There are some reasons to cause the lack of material in final injection molded parts. First of all it starts with the mold design. Second we have the plastics. Third we have the injection molding machine. Forth we have the people involved orchestrating the whole concert. Fifth we have the machine and sixth we have the environment. Last but not least we have the process itself.
Starting with the injection mold. The mold has to have a design that allows you to produce good plastic parts. Clear for all of us every injection mold has a process window. That means that whatever your molding machine is doing at a certain viscosity the mold needs a certain pressure within a certain time limit in the cavity. This is unique for each and every injection mold like a finger print.
Variations in the viscosity of the melt can lead to an under packed or over packed cavity and with this to scrap. Basically the viscosity of the melt is influenced by the melt flow index of the plastic in process as well as by the heat applied to the plastic on the path to the cavity. A heavy flow (high viscosity) plastic has a pig loss of the pressure over the travel. That results in a low pressure (may be in a too low pressure) in the cavity although you have a high consistent pressure in the barrel. A light flow (low viscosity) plastic has a smaller loss of pressure over the travel. That results in a higher pressure in the cavity what can be well above the sharp limit between short shot and packed out part.
So first advice: increase the melt and mold temperature (Within the specs.) The approximate leverage Melt/Mold temperature to viscosity change is 1°Melt temp. = 7° Mold temp. Consider your injection molding machine has to stay in thermal balance. Cold air rush will destroy the thermal balance and result in changed viscosity although your molding machine does not show you that. An indication for that is given when you start your injection molding machine you have to start with a higher melt temperature and decrease step by step for about an hour for the same quality result.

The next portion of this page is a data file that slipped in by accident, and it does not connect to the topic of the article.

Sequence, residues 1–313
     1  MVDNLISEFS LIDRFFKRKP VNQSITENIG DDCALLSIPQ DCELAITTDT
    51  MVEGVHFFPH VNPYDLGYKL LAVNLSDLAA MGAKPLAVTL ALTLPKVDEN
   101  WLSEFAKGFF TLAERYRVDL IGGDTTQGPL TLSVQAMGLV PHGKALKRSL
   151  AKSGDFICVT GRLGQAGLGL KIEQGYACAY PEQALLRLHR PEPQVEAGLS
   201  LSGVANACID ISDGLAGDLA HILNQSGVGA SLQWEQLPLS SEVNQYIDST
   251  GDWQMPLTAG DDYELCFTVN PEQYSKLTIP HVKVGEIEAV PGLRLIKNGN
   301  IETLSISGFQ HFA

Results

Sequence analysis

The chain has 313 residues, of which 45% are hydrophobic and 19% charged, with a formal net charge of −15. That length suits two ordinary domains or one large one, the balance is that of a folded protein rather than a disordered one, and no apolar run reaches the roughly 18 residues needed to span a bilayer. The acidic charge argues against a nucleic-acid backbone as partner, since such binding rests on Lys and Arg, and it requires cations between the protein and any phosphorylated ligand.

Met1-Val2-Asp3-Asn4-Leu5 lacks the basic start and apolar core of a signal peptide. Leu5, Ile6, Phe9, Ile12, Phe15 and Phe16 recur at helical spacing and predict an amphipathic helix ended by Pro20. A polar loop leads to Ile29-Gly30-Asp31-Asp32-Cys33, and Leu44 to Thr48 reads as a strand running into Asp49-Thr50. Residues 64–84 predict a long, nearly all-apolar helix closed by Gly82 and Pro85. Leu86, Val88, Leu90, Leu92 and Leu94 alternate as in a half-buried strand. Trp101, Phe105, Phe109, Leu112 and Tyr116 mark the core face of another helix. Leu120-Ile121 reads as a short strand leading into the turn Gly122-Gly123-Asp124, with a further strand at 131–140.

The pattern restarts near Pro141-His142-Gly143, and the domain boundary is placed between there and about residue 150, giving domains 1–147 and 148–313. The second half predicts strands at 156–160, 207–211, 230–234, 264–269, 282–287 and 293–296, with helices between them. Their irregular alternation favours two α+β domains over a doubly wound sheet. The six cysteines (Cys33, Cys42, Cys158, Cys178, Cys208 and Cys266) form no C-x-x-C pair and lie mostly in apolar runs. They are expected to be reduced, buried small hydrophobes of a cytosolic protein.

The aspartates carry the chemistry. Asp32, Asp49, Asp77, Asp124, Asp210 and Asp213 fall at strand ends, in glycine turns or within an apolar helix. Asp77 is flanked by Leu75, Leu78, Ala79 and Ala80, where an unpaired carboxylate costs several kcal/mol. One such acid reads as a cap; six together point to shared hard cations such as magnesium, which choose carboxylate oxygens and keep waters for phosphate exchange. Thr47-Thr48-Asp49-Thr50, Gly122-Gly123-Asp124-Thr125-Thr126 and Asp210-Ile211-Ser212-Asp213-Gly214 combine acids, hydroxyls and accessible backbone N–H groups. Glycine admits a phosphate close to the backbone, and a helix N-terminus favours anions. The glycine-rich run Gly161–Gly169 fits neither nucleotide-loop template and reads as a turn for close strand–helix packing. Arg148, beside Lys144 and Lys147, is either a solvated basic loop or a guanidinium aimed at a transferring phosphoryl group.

Decoupled molding is a good idea. Inject the plastic with the max speed possible and ramp down the speed when the cavities are nearly filled. Switch over by 99% filling (without holding pressure the screw should stay). Apply a holding pressure profile. Consider that the first pressure step has to be in a way that your molding machine is not pulling back the screw. Step down the holding pressure following the natural pressure drop in the cavity. Have in mind that on hydraulic machines when the change between injection phase and holding pressure phase is not well adjusted the hydraulic pressure drops very low for up to 1.5 seconds depending on the injection molding machine. Within that time the melt flows back into the barrel.
Considering this above will help you to setup a stable process within no time. Using cavity pressure sensors will show you all the described correlations immediately and assist you. Not using cavity pressure sensing there are points in the process you will never be able to find or fine tune. Considering the points at the beginning of this contribution and systematically adjust will make the difference between standing in the bright light or standing in the mud. It’s also a fight with the people involved.